Dr. Anthony Montero and Mumia Abul Jamal had some opinions about the ruling class/warmongering party (Democrats) who have successfully and profitably connected mass incarceration and poverty at home with regime change and drone warfare abroad for 16 of the last 24 years. The transnational corporations are loving it! I had to consider a thought that I don’t think I could have come up with on my own because I’ve been so inundated with anti-Trump rhetoric. Mumia said in an interview from prison “If Trump is the price we have to pay to defeat Clintonian Neoliberalism — so be it.” I’ll just leave that there for a minute…

 

 

You can see that there are any number of reasons to support/not support either/both of the major candidates. Vote/not vote in a way that makes you feel like you had some integrity with your values and your behavior. If your civic duty is to cast a mere ballot every couple of years, you have already given away the leadership of our communities to corrupt Powers. We need to be organizing, demonstrating, praising God, and embodying the very things we hope and pray for. You can vote for the candidate/party that you want to lead the country. You can actually feel good about it, not just manipulated.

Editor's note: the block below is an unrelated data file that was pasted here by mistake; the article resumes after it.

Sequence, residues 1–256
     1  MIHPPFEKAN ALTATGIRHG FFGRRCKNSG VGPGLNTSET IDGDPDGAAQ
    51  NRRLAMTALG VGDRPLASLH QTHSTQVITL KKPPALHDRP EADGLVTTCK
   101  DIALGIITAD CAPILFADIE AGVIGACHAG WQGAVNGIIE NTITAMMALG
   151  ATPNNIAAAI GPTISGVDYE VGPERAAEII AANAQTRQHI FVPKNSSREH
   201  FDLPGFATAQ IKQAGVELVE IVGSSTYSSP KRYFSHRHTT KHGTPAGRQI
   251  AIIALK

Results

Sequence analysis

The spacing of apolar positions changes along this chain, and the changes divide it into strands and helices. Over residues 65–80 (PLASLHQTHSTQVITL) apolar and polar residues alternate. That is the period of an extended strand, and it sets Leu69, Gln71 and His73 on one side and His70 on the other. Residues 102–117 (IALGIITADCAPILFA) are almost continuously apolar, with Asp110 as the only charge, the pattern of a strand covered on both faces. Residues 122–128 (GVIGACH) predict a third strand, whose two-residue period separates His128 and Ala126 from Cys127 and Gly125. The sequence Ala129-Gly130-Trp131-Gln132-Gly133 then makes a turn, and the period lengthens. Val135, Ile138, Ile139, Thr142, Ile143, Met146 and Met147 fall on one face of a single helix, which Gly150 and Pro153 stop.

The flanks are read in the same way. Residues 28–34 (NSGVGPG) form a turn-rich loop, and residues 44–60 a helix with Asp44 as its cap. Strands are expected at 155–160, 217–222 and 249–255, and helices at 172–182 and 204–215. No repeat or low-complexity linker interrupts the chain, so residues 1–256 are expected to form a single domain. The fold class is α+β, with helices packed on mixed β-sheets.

Jesus knits us together

I saw groups of people this week that I wish would come together but seemed separate. They were in

Art Bucher’s shot of four of our pastors and lots of friends praising the Lord during Monday’s March for Our Lives

Philadelphia at the same time. Jesus got to all of the good actions – especially those organized by poor people or those thirsty for the world that doesn’t quite exist yet. Circle of Hope was at a lot of the actions, too. Why can’t the anti-war groups (mostly gray haired white peaceniks who have worked since the 60s) hang with Black Lives Matter? Why were there six distinct socialist movements not knowing about each other? Why did the Wall of Love in the face of Westboro Baptist not connect to the Poor People’s march? They did connect – through the Spirit and through the people who made intentional or accidental overlap. We are all connected, especially those blessed ones who hunger & thirst for righteousness/justice. Let’s receive the courage to be OK with Jesus and do the good work we’ve been given to do, regardless of who wins certain elections.